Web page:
Submitted manuscripts should not have been published previously, nor be under consideration for publication elsewhere (except conference proceedings papers). All manuscripts are refereed through a peer-review process. A guide for authors and other relevant information for submission of manuscripts is available on the Instructions for Authors page. Plants is an international peer-reviewed Open Access quarterly journal published by MDPI.

Please visit the Instructions for Authors page before submitting a manuscript. The Article Processing Charge (APC) for publication in this open access journal is 300 CHF (Swiss Francs). English correction and/or formatting fees of 250 CHF (Swiss Francs) will be charged in certain cases for those articles accepted for publication that require extensive additional formatting and/or English corrections.

Keywords

  • auxin
  • polar auxin transport
  • auxin biosynthesis
  • auxin signaling
  • GH3
  • auxin conjugates
  • root development
  • vascular patterning
  • auxin gradient
  • embryogenesis
  • PIN-FORMED

Published Papers (5 papers)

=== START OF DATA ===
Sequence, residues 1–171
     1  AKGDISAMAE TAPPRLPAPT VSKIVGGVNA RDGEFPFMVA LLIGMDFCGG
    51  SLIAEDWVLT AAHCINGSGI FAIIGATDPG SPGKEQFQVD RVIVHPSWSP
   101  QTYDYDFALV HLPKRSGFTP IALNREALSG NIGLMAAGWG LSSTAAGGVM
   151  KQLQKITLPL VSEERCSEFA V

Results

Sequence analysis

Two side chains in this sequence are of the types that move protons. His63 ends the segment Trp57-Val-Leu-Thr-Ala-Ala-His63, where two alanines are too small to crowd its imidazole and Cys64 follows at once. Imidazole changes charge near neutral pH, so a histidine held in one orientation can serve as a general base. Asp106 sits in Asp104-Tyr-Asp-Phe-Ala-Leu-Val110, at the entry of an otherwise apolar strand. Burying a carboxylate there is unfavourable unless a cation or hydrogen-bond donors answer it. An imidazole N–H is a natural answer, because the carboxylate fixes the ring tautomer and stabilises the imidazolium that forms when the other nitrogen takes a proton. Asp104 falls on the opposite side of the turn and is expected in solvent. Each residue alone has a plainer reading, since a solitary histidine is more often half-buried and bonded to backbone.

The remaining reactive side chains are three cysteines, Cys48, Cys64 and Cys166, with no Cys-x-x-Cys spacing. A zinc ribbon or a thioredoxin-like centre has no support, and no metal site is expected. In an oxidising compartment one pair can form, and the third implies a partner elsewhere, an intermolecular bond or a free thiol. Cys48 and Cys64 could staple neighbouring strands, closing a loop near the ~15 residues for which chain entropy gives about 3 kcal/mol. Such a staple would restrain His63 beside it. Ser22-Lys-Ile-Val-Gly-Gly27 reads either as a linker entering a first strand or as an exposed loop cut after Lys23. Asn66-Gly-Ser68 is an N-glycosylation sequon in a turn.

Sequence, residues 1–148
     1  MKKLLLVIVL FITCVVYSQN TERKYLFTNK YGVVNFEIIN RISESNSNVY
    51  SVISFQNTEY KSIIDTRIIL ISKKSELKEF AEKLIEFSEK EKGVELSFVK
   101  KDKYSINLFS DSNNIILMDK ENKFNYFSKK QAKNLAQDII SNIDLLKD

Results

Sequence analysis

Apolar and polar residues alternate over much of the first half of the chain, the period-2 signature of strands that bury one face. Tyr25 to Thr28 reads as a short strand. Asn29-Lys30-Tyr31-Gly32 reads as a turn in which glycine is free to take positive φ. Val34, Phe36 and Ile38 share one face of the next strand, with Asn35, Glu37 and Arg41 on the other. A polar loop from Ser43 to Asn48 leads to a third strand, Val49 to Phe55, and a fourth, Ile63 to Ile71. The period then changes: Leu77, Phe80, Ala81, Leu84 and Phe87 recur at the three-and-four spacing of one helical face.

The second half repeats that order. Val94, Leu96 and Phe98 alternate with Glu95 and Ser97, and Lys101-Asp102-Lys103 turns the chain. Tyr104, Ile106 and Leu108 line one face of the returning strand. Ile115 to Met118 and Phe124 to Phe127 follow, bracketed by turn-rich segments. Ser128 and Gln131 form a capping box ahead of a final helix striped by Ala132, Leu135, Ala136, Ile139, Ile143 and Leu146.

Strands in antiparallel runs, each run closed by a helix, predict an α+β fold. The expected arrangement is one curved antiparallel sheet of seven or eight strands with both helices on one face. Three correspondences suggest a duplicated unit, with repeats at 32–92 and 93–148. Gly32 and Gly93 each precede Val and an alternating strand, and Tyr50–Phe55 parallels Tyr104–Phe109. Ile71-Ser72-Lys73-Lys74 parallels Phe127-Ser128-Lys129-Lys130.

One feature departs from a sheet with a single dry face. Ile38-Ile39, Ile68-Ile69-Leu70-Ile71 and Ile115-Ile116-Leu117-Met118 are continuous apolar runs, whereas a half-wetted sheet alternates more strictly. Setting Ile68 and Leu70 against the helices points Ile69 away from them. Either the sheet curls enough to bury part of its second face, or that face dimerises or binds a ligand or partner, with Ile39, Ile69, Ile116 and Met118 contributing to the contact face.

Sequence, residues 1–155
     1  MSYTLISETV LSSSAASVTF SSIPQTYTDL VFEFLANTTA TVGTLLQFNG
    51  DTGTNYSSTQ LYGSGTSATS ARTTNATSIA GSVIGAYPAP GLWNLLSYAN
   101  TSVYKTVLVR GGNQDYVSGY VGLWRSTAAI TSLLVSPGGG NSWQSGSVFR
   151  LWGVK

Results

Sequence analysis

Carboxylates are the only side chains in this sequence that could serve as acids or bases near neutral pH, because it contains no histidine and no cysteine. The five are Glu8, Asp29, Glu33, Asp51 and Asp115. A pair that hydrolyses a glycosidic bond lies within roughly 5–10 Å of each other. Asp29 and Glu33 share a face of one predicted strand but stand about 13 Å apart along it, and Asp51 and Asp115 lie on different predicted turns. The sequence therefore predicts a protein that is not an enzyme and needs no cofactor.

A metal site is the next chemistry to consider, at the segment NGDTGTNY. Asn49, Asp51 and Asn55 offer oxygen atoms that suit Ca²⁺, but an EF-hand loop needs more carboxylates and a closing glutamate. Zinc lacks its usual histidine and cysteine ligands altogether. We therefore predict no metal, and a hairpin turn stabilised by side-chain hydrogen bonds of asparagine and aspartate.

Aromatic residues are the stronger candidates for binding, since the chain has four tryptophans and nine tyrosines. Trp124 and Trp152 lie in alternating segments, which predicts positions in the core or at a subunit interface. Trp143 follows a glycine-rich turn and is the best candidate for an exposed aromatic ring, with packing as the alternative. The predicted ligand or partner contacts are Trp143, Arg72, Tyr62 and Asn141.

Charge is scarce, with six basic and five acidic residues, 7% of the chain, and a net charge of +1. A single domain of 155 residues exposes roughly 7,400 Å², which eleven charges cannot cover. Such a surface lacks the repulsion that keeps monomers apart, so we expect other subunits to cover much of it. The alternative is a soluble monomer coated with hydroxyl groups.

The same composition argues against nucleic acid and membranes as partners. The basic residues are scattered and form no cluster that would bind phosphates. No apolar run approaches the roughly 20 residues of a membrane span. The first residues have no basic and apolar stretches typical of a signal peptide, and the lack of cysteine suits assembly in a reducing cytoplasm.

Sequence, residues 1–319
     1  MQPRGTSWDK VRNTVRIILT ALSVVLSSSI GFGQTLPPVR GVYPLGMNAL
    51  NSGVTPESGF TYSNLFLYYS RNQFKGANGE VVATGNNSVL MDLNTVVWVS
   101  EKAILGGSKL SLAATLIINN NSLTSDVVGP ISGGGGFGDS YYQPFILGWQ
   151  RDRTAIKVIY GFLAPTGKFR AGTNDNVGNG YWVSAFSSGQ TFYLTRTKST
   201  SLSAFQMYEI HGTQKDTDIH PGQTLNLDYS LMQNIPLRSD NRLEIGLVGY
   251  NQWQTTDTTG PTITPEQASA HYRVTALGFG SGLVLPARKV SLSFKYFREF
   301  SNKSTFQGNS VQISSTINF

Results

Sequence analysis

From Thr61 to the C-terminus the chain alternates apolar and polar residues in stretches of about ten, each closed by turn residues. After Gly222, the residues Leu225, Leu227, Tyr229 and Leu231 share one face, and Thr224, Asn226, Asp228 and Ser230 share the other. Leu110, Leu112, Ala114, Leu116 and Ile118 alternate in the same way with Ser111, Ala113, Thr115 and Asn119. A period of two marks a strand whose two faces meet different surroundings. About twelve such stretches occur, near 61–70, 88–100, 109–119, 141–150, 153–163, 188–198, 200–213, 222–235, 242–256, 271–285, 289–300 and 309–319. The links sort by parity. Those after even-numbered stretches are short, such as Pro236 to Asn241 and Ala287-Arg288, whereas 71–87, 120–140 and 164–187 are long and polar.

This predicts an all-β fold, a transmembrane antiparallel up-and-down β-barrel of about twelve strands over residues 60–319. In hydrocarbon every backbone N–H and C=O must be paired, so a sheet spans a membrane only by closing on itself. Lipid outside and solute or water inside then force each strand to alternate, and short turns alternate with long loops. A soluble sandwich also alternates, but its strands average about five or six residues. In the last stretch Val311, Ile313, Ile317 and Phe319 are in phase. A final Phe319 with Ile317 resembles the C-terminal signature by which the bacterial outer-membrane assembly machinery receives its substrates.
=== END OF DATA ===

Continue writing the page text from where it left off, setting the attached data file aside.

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Research

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Open AccessArticle Characterization of Four Bifunctional Plant IAM/PAM-Amidohydrolases Capable of Contributing to Auxin Biosynthesis
Plants 2014, 3(3), 324-347; doi:10.3390/plants3030324
Received: 6 February 2014 / Revised: 23 July 2014 / Accepted: 30 July 2014 / Published: 7 August 2014
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Abstract
Amidases [EC 3.5.1.4] capable of converting indole-3-acetamide (IAM) into the major plant growth hormone indole-3-acetic acid (IAA) are assumed to be involved in auxin de novo biosynthesis. With the emerging amount of genomics data, it was possible to identify over forty proteins [...] Read more.